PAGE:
- a wreath or garland for the head.
- a string of beads.
- Roman Catholic Church.
- a string of beads, one-third of the length of a rosary, for counting prayers.
- the prayers recited over this.
- Architecture. a small molding carved to resemble a string of beads; astragal.
- Metallurgy. an object for separating the core of a mold from a wall, composed of the same metal as the casting and forming an integral part of it.
Origin of chaplet
Dictionary.com Unabridged Based on the Random House Unabridged Dictionary, © Random House, Inc. 2018
Related Wordsrosary, diadem, garland, band, crown, ornament, fillet, bead, coronet, necklace, circle
Examples from the Web for chaplet
He arose, as he spoke, and reverently placed the chaplet on the head of Plato.Philothea
Lydia Maria Child
He twisted the chaplet so that the beads bit deeply into his fingers.The Historical Nights' Entertainment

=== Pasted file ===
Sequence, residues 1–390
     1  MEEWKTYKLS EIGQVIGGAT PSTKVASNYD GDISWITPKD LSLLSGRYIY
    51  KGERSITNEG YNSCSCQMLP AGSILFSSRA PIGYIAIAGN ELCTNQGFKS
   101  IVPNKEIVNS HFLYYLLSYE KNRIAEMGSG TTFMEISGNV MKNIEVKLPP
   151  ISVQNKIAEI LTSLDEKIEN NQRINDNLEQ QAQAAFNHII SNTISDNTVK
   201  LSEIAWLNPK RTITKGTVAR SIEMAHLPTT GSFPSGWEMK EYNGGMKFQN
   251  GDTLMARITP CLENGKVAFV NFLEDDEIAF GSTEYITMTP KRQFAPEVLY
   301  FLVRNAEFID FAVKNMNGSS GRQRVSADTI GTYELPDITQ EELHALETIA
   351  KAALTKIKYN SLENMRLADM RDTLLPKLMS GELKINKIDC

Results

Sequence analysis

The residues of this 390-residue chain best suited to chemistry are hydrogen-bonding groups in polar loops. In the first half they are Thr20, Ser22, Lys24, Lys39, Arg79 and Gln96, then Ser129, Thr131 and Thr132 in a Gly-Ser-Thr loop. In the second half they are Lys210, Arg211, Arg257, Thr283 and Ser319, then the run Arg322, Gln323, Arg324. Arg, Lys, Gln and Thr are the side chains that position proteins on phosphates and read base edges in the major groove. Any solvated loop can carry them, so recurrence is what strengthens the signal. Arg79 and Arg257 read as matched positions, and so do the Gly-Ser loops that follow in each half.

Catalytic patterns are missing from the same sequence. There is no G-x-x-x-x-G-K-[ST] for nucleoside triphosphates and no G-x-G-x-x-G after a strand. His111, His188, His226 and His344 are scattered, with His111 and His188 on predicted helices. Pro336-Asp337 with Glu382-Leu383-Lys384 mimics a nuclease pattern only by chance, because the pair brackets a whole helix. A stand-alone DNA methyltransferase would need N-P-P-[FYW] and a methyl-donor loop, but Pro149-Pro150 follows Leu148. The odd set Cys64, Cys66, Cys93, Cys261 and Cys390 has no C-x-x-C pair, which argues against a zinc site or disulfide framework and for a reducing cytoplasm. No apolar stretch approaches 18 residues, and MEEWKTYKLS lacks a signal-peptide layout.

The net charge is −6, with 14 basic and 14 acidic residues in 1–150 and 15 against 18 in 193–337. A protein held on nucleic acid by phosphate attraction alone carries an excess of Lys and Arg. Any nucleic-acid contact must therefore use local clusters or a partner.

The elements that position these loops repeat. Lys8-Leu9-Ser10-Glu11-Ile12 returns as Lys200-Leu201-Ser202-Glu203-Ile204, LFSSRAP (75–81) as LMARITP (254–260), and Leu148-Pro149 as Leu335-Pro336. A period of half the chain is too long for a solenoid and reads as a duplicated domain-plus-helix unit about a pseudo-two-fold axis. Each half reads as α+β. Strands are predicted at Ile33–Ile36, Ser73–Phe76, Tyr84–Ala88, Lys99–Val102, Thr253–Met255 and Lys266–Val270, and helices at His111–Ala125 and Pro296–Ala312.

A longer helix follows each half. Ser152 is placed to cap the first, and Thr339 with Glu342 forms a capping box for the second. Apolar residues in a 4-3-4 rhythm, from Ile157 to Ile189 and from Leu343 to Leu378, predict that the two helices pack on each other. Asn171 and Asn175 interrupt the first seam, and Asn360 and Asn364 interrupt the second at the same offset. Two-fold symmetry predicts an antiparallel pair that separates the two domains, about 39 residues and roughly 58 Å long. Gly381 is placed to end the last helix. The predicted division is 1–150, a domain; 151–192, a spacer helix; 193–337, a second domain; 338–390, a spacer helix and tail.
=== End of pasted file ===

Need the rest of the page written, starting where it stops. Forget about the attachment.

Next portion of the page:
Immediately after the battle the Thebans sent a messenger to Athens wearing a chaplet.Hellenica
The humming of the harps ceased and the chaplet of iron that bound her brow relaxed.Melomaniacs
But for the absurdity of it, he could have woven a chaplet of them and worn it.The Master-Knot of Human Fate
- an ornamental wreath of flowers, beads, etc, worn on the head
- a string of beads or something similar
- RC Church
- a string of prayer beads constituting one third of the rosary
- the prayers counted on this string
- a narrow convex moulding in the form of a string of beads; astragal
- a metal support for the core in a casting mould, esp for the core of a cylindrical pipe
C14: from Old French chapelet garland of roses, from chapel hat; see chapeau
Collins English Dictionary - Complete & Unabridged 2012 Digital Edition © William Collins Sons & Co. Ltd. 1979, 1986 © HarperCollins Publishers 1998, 2000, 2003, 2005, 2006, 2007, 2009, 2012
Word Origin and History for chaplet
late 14c., from Old French chapelet (Old North French capelet) "garland, rosary," properly "a small hat," diminutive of chape, chapeau "headdress, hood, hat" (see chapeau).
Online Etymology Dictionary, © 2010 Douglas Harper